Accurate segregation of genetic material in eukaryotes relies on the kinetochore, a multiprotein complex that connects centromeric DNA with microtubules. In yeast and humans, two proteins-Mif2/CENP-C and Chl4/CNEP-N-interact with specialized centromeric nucleosomes and establish distinct but cross-connecting axes of chromatin-microtubule linkage. Proteins recruited by Chl4/CENP-N include a subset that regulates chromosome transmission fidelity. We show that Chl4 and a conserved member of this subset, Iml3, both from Saccharomyces cerevisiae, form a stable protein complex that interacts with Mif2 and Sgo1. We have determined the structures of an Iml3 homodimer and an Iml3-Chl4 heterodimer, which suggest a mechanism for regulating the assembly of this functional axis of the kinetochore. We propose that at the core centromere, the Chl4-Iml3 complex participates in recruiting factors, such as Sgo1, that influence sister chromatid cohesion and encourage sister kinetochore biorientation.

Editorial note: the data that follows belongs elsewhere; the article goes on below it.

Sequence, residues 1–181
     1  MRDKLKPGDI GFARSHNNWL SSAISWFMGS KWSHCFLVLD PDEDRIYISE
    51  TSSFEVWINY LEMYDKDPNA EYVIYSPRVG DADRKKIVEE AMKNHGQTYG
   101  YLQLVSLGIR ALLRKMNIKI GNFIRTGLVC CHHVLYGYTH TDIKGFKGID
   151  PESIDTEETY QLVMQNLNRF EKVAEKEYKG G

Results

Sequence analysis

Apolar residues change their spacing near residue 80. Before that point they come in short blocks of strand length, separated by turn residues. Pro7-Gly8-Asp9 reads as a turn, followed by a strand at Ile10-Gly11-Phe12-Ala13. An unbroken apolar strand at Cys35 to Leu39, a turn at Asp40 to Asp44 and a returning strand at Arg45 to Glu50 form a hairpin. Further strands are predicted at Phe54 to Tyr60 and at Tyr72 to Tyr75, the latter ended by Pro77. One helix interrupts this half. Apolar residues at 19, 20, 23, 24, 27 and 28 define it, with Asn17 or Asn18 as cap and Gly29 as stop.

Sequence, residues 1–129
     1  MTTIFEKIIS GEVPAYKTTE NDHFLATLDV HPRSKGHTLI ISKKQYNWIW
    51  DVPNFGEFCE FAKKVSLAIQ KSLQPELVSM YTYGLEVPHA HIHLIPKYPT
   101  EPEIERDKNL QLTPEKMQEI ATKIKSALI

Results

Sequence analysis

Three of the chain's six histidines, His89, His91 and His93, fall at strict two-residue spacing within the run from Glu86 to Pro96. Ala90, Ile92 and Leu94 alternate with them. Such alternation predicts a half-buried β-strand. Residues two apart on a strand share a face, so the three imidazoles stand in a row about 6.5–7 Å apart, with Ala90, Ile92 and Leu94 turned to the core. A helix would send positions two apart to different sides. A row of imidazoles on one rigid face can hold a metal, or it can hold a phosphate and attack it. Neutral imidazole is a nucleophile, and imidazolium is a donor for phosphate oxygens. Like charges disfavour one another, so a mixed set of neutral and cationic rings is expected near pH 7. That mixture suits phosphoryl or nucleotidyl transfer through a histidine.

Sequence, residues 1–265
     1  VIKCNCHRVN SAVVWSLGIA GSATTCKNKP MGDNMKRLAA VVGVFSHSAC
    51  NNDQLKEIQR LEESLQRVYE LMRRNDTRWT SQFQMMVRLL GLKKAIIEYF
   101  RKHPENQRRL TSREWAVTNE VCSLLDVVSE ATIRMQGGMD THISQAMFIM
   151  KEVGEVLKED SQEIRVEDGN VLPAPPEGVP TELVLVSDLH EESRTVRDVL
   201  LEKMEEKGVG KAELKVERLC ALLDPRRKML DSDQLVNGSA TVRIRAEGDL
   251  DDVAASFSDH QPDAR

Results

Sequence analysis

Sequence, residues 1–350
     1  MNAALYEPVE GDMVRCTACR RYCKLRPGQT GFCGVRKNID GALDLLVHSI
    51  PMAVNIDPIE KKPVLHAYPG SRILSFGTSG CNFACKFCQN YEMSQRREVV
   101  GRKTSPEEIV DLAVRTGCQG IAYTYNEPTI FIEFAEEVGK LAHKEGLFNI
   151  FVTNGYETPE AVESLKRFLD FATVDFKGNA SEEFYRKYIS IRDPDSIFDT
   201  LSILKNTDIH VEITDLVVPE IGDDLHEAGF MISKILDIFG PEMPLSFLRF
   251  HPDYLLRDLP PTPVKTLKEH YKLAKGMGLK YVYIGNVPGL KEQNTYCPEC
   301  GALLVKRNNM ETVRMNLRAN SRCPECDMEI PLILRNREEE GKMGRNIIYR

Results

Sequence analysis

Copyright © 2013 The Authors. Published by Elsevier Inc. All rights reserved.